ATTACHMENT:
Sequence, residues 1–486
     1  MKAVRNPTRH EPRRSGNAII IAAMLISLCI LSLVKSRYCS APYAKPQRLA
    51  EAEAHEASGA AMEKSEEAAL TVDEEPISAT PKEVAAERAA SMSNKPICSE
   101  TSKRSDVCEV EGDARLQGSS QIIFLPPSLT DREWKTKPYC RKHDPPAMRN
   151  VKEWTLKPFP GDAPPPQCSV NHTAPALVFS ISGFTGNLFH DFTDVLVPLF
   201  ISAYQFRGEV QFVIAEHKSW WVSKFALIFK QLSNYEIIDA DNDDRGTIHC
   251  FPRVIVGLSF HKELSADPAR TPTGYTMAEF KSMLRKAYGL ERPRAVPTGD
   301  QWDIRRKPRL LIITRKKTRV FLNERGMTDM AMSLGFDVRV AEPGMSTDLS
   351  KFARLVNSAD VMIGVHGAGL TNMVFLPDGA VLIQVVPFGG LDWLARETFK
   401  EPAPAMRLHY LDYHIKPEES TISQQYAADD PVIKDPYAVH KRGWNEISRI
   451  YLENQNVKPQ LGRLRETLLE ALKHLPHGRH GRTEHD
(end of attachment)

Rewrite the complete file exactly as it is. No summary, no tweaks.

Sequence, residues 1–486
     1  MKAVRNPTRH EPRRSGNAII IAAMLISLCI LSLVKSRYCS APYAKPQRLA
    51  EAEAHEASGA AMEKSEEAAL TVDEEPISAT PKEVAAERAA SMSNKPICSE
   101  TSKRSDVCEV EGDARLQGSS QIIFLPPSLT DREWKTKPYC RKHDPPAMRN
   151  VKEWTLKPFP GDAPPPQCSV NHTAPALVFS ISGFTGNLFH DFTDVLVPLF
   201  ISAYQFRGEV QFVIAEHKSW WVSKFALIFK QLSNYEIIDA DNDDRGTIHC
   251  FPRVIVGLSF HKELSADPAR TPTGYTMAEF KSMLRKAYGL ERPRAVPTGD
   301  QWDIRRKPRL LIITRKKTRV FLNERGMTDM AMSLGFDVRV AEPGMSTDLS
   351  KFARLVNSAD VMIGVHGAGL TNMVFLPDGA VLIQVVPFGG LDWLARETFK
   401  EPAPAMRLHY LDYHIKPEES TISQQYAADD PVIKDPYAVH KRGWNEISRI
   451  YLENQNVKPQ LGRLRETLLE ALKHLPHGRH GRTEHD